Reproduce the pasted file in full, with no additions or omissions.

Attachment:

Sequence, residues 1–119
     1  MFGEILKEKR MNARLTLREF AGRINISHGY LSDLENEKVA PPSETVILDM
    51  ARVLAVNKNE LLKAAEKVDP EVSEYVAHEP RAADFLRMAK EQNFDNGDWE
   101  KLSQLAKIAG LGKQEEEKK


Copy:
Sequence, residues 1–119
     1  MFGEILKEKR MNARLTLREF AGRINISHGY LSDLENEKVA PPSETVILDM
    51  ARVLAVNKNE LLKAAEKVDP EVSEYVAHEP RAADFLRMAK EQNFDNGDWE
   101  KLSQLAKIAG LGKQEEEKK